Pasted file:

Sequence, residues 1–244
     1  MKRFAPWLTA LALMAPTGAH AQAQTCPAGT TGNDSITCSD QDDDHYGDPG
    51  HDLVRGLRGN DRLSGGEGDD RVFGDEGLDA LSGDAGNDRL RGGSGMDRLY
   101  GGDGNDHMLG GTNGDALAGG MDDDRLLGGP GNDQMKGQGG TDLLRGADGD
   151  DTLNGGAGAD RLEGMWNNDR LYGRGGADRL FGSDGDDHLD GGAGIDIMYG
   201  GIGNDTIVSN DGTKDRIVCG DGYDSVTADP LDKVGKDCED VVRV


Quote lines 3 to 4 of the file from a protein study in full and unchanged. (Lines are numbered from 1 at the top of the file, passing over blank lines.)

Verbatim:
    51  HDLVRGLRGN DRLSGGEGDD RVFGDEGLDA LSGDAGNDRL RGGSGMDRLY
   101  GGDGNDHMLG GTNGDALAGG MDDDRLLGGP GNDQMKGQGG TDLLRGADGD